For several wandering years of my life, my ringtone was Billy Joel’s Only the Good Die Young. I’ll never forget the look on my fervent Catholic mother’s face one day, when a call came in. “I’d rather laugh with the sinners than cry with the saints” trampled the peaceful quiet, mocking the holy images adorning the walls of our house. I quickly silenced the phone and scoffed at the humble sadness that spread across my mother’s gentle countenance.
At the time, those lyrics were an adequate reflection of what kept me from practicing the faith. I lived my life under the impression that people who strive for sainthood are met with only pain and suffering while those who are more lax about the habitual presence of sin in their lives are able to truly enjoy themselves. Needless to say, I preferred the company of the latter.
This notion was further ingrained in my mind on the rare occasion that I did attend church and was surrounded by statues of saints bearing expressions that reminded me of the “before” picture in a Prozac ad. They appeared tired, hopeless, and somber at best. The faithful, I believed, were downright depressed, while I was in search of happiness.
Thankfully, the Holy Spirit eventually swooped in to crack open my misguided mind and reveal God’s deep yearning for my authentic joy even and perhaps especially now in this world. I drew hope from the prayer of St. Teresa of Avila in which she pleaded, “From somber, serious, sullen saints, save us, O Lord.”
Similarly, Pope Francis shed light on the joyful nature of Christian living with his insistence that, “No one has ever heard of a sad saint or a saint with a funeral face. Unheard of! It would be a contradiction.”
Once I truly came to believe that, as St. Augustine put it, “God is the happiest of beings who made us to share in his own happiness,” my curiosity about the dejected expressions on the faces of religious images was piqued. Why were artists portraying these men and women of God in such a downcast light? Shouldn’t representations of saints illustrate the joyfulness of Christ these holy individuals held in their hearts and graced the world with?
My answer came when I spent some time studying a painting of the Holy Family in the cry room at our church. In it, Jesus, at about five years old, is affectionately reclined against St. Joseph’s chest, both of them wearing warm, content smiles as Mary, with a playful grin of her own, tickles her son’s bare feet. Now that’s the joy most religious artwork should portray, I thought to myself. Then it hit me what most religious artwork depicts saints in the midst of: prayer.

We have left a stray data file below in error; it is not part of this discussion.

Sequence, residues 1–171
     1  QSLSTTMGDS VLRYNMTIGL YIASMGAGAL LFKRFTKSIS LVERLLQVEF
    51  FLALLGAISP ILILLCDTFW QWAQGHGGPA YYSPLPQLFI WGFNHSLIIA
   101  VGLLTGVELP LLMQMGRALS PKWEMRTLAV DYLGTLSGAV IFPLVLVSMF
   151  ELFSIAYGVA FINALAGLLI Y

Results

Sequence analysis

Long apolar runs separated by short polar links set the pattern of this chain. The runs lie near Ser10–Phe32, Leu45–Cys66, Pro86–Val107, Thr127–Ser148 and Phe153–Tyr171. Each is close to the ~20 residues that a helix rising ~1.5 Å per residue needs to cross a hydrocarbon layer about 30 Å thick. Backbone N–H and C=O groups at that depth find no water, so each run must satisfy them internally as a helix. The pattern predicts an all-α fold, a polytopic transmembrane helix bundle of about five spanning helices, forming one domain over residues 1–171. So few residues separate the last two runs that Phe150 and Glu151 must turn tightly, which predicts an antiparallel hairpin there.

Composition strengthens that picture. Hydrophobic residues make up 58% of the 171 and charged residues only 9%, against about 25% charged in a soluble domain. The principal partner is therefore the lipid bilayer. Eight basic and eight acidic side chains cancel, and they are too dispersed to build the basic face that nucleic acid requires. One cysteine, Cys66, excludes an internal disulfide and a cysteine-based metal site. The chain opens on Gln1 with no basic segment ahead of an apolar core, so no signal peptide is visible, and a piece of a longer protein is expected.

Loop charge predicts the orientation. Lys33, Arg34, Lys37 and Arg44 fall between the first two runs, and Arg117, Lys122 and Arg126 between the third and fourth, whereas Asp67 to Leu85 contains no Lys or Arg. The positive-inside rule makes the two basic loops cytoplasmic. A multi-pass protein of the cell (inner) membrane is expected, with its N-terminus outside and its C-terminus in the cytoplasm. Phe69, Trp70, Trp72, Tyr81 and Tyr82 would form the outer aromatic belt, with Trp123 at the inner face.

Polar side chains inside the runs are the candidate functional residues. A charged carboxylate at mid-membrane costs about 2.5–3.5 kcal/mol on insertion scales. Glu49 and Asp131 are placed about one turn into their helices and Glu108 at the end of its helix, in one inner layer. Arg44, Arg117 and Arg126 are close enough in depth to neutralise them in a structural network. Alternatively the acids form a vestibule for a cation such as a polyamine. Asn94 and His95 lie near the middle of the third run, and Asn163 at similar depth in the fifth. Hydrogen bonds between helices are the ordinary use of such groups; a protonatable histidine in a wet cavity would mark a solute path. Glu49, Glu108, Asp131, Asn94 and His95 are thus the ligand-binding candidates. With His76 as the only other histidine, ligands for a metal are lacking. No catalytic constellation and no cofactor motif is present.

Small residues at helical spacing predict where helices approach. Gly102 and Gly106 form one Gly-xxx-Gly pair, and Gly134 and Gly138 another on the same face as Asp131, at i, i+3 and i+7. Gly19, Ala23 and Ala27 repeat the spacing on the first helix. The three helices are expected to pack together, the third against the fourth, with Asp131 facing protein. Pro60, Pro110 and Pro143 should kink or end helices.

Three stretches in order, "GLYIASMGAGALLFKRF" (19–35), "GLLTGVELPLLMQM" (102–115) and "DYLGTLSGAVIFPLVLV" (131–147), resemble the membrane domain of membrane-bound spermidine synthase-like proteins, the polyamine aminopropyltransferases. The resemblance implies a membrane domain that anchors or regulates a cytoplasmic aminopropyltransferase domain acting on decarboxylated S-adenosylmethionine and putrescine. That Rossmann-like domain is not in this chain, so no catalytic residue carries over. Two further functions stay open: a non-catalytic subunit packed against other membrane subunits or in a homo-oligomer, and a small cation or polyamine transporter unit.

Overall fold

While this particular image captured the glee of a happy family during a playful encounter, the more common action being carried out by the subjects of religious artwork is the uniting of their minds and hearts to God. Such a union, as we know, generally surpasses anything that evokes physical expressions of emotion, such as a laugh or smile.
Of course prayer can still be, and often is, a joy-filled experience, as graces and pure, unconditional love are poured upon us. Nevertheless, it is internal and deep, transcending the physiological reactions of the body that communicate happiness.
One particularly insightful priest I know described the typical facial expressions within religious artwork as “conveying stoic seriousness” in order to indicate inner peace as opposed to exterior passions.
A similar explanation is contained in an article explaining the solemn expressions of saints in religious icons: “True joy is something that comes from God and is therefore eternal. Fleeting pleasures are, by definition, temporary and do not bring true happiness. The smile is a reflection of fleeting happiness, because it too is temporary.”
This is by no means an indication that smiling is insignificant. In fact, Mother Teresa was a major advocate of the power of a smile, saying that such a gesture is the beginning of love. We are, after all, bodily creatures, endowed with the ability to express ourselves through facial and other such physical signals.
However, I’ve come to realize that we are challenged to look beyond facial expressions when we witness renditions of saints and religious figures who are not outwardly basking in boundless joy. We are invited to ponder the deepest levels of intellect and emotion to which these men and women opened themselves, the result of which ultimately generates a peace that surpasses a simple smile.
They’re not sad. They’re not hopeless. They’re lost – lost in the inexplicable, immortal love of their maker.